Home > General Rants & Raves, Information Security, Unified Threat Management (UTM) > Unified Risk Management (URM) and the Secure Architecture Blueprint

Unified Risk Management (URM) and the Secure Architecture Blueprint

Gunnar once again hits home with an excellent post defining what he calls the Security Architecture Blueprint (SAB):

The purpose of the security architecture blueprint is to bring focus to the key areas of
concern for the enterprise, highlighting decision criteria and context for each domain.
Since security is a system property it can be difficult for Enterprise Security groups to
separate the disparate concerns that exist at different system layers and to understand
their role in the system as a whole. This blueprint provides a framework for
understanding disparate design and process considerations; to organize architecture and
actions toward improving enterprise security.


I appreciated the graphical representation of the security architecture blueprint as it provides some striking parallels to the diagram that I created about a year ago to demonstrate a similar concept that I call the Unified Risk Management (URM) framework

(Ed.: URM focuses on business-driven information survivability architectures that describes as much risk tolerance as it does risk management.)

Here are both the textual and graphical representations of URM: 

Managing risk is fast becoming a lost art.  As the pace of technology’s evolution and adoption overtakes our ability to assess and manage its impact on the business, the overrun has created massive governance and operational gaps resulting in exposure and misalignment.  This has caused organizations to lose focus on the things that matter most: the survivability and ultimate growth of the business.

Overwhelmed with the escalation of increasingly complex threats, the alarming ubiquity of vulnerable systems and the constant onslaught of rapidly evolving exploits, security practitioners are ultimately forced to choose between the unending grind of tactical practices focused on deploying and managing security infrastructure versus the strategic art of managing and institutionalizing risk-driven architecture as a business process.

URM illustrates the gap between pure technology-focused information security infrastructure and business-driven, risk-focused information survivability architectures and show how this gap is bridged using sound risk management practices in conjunction with best of breed consolidated Unified Threat Management (UTM) solutions as the technology anchor tenant in a consolidated risk management model.

URM demonstrates how governance organizations, business stakeholders, network and security teams can harmonize their efforts to produce a true business protection and enablement strategy utilizing best of breed consolidated UTM solutions as a core component to effectively arrive at managing risk and delivering security as an on-demand service layer at the speed of business.  This is a process we call Unified Risk Management or URM.


(Updated on 5/8/07 with updates to URM Model)

The point of URM is to provide a holistic framework against which one may measure and effectively manage risk.  Each one of the blocks above has a set of sub-components that breaks out the specifics of each section.  Further, my thinking on URM became the foundation of my exploration of the Security Services Oriented Architecture (SSOA) model.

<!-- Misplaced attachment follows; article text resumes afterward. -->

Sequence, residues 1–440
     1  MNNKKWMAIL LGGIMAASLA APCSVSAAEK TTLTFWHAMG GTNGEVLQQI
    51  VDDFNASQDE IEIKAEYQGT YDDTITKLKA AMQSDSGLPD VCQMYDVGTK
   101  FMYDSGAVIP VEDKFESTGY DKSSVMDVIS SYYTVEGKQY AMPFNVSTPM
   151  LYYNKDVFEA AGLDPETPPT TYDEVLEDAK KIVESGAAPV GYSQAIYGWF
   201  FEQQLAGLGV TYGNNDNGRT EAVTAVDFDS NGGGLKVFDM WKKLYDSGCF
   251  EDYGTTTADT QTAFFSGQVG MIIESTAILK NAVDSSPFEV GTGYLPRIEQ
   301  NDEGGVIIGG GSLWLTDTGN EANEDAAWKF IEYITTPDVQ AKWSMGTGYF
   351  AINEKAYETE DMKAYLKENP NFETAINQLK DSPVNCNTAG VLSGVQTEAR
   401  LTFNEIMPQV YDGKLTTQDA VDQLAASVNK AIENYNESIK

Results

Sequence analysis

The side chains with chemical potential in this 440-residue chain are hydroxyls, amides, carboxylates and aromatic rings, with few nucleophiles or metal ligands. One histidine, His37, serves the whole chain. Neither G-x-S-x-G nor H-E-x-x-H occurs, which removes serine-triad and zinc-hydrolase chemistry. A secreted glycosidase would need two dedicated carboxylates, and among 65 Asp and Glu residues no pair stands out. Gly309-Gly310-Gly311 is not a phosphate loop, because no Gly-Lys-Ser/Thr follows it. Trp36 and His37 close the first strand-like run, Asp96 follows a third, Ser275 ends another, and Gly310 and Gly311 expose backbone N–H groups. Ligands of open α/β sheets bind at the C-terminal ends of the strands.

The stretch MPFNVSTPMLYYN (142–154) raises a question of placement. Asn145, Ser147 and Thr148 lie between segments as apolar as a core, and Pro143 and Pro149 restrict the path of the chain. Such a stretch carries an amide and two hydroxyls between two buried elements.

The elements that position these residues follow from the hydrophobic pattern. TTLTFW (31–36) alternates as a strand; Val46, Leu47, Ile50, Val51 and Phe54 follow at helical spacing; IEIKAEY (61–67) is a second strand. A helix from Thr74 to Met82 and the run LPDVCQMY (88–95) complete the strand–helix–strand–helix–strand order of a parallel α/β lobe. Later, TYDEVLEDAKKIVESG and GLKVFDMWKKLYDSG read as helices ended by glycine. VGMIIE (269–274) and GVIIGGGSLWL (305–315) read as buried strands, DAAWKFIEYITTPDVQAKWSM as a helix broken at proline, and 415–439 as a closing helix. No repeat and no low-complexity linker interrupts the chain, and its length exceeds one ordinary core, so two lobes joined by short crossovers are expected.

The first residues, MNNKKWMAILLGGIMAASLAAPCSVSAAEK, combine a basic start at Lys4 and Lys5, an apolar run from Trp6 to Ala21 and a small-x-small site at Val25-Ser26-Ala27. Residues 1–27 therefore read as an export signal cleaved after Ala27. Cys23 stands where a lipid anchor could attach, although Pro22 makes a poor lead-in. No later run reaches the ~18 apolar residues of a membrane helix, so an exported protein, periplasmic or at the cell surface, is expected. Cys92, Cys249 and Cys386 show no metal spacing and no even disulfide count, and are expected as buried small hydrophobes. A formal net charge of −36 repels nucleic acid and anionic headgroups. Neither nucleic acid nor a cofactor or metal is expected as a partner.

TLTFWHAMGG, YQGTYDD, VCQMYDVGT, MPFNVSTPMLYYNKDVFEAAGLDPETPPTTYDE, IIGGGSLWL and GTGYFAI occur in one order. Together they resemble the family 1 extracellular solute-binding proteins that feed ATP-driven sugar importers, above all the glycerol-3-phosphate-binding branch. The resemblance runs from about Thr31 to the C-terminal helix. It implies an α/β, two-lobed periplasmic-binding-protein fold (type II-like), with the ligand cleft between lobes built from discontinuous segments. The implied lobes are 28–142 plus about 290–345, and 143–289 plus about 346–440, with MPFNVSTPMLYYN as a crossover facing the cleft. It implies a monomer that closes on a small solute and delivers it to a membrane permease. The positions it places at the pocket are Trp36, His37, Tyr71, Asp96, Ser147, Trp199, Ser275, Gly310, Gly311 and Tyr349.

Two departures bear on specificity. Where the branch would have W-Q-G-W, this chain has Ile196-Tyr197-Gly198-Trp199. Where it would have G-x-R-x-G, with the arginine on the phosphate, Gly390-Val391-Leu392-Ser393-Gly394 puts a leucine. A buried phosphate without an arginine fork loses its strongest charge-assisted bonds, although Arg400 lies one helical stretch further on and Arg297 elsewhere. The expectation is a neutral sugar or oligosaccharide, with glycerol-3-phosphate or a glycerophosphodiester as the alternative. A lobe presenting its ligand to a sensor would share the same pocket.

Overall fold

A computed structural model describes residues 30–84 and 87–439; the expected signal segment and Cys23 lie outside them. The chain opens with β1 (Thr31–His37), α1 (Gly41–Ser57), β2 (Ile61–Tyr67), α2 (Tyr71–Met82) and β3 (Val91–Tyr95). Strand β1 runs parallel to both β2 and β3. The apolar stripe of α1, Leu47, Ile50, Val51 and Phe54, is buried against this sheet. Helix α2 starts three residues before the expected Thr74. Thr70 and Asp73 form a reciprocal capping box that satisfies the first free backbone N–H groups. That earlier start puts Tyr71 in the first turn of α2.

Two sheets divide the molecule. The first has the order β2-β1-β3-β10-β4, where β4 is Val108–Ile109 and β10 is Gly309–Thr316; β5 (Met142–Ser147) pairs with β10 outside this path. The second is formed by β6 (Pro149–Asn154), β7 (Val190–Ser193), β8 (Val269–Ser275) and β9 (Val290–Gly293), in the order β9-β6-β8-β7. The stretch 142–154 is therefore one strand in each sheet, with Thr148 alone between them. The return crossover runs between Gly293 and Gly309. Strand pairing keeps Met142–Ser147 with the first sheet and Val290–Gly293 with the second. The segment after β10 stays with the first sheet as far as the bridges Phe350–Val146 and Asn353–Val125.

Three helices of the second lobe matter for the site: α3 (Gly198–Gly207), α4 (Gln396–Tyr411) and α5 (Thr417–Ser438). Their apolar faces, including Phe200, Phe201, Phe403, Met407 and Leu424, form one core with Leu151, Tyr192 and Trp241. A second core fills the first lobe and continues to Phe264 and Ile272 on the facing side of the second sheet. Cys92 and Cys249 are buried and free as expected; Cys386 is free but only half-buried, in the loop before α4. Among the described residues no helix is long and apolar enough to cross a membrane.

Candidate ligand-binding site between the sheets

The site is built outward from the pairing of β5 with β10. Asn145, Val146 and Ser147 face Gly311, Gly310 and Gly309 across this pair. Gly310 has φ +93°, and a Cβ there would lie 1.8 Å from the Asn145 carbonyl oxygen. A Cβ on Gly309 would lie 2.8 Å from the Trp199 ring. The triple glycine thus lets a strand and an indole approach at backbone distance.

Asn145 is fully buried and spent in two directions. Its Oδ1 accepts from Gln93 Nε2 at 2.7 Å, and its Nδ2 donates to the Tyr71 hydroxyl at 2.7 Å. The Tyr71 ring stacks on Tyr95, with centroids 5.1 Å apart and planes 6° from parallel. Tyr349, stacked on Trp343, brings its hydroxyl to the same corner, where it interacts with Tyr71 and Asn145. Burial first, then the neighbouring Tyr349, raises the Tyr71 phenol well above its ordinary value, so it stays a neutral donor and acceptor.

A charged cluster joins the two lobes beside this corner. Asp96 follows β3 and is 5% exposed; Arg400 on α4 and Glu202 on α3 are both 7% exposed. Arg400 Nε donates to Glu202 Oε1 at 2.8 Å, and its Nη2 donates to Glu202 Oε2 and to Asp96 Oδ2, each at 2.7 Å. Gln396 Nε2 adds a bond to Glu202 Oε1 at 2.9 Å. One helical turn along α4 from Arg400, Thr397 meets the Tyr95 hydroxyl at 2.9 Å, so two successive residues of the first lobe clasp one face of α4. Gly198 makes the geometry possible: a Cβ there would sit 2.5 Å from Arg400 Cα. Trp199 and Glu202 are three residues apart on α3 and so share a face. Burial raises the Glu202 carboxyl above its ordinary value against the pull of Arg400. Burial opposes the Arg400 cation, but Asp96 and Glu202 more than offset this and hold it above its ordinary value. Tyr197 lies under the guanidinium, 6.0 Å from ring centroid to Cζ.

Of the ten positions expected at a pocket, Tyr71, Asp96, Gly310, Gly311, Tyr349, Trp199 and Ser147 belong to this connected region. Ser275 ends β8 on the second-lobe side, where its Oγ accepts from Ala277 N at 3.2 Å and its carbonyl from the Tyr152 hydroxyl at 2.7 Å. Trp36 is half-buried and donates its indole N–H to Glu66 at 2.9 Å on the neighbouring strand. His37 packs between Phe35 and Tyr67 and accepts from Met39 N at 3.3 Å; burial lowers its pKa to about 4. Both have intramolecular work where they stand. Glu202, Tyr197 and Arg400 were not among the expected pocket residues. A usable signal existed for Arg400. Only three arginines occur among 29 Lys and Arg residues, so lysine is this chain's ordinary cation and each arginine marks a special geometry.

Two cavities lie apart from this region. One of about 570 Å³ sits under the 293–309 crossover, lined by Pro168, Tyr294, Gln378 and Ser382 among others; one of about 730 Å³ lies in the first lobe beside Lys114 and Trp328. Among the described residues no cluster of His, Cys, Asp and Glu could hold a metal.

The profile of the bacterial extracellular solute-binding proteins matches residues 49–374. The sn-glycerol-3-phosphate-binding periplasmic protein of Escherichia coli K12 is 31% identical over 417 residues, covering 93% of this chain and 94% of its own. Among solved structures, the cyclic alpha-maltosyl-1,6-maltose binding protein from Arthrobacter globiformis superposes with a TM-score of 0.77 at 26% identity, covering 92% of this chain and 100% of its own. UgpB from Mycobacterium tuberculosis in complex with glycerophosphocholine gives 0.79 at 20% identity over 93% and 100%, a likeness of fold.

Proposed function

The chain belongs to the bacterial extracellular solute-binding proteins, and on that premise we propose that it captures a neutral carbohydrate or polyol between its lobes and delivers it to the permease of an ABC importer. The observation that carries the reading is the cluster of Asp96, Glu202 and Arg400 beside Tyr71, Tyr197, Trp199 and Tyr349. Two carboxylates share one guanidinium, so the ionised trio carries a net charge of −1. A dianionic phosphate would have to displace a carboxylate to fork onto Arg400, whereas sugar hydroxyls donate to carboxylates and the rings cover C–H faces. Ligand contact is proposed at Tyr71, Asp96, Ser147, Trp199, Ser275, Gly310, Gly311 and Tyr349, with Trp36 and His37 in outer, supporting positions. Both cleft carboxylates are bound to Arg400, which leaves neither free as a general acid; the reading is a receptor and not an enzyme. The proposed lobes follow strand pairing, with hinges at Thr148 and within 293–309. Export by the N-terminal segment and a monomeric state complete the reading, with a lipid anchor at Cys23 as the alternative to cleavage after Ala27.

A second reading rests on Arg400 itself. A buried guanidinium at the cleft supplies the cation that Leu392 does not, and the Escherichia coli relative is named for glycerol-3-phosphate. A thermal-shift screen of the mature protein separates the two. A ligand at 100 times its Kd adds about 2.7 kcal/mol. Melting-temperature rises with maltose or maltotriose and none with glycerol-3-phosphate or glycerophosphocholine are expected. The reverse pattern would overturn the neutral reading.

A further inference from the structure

You might also want to check out Skybox Security’s Security Risk Management (SRM) Blueprint, also.

Thanks again to Gunnar as I see some gaps that I have to think about based upon what I read in his SAB document.


  1. May 6th, 2007 at 04:22 | #1

    Dang it, I'm working my own response to Gunnar's paper and you beat me to it.
    I'm going to now have to include URM.
    A couple of quick notes:
    One of the things that I like about Gunnar's model is that business goals are at the top. While he mentions "risk tolerance" in the article, there must be something more "solid" (ideally an ongoing process) whereby those goals are translated into risk tolerance. Now if that is the case, then policy should be driven by risk tolerance (and risk analysis).
    In addition, I'm starting to become a big believer that the ISMS must be governed in order to be actually useful to the CSO. In other words, "Great, I've got my controls in place, I've even been certified, now what?" – there's still a question there that needs to be answered (and no, that's not just making certification a hamster wheel of pain).
    I think there are hints in the ISO that recognize that (the "management must buy in" crap and awareness), but it falls far short of what that "other thing" must truly be.

  2. May 6th, 2007 at 04:38 | #2

    I think you're right, Alex. I like the fact that Gunnar's model "flows" from the top down. Mine represents more of a constrained mash-up of the (some of the) bounding elements that make up the risk management model I'm describing.
    I think that the governance issue most certainly needs to be addressed and I personally used some metrics/dashboarding to provide the transparency into not only answering my "now what?" question(s) but invite others to ask me their own.
    I wonder if I can retool the model to include the "workflow" elements you describe?
    Great points, thanks.

  3. May 6th, 2007 at 19:03 | #3

    Thanks for the post. This is exactly what I wanted to learn about but hadn't found a suitable starting point. You just gave it to me.

  4. May 8th, 2007 at 09:32 | #4

    I've updated the URM graphical model with some prudent additions.

  5. October 4th, 2011 at 03:18 | #5

    granda a ernadente si esara aralmos con ilerra. cossuas iremos se ondonsiol son ebirio mi entos dentort y ogebam rendo fraco.

  1. No trackbacks yet.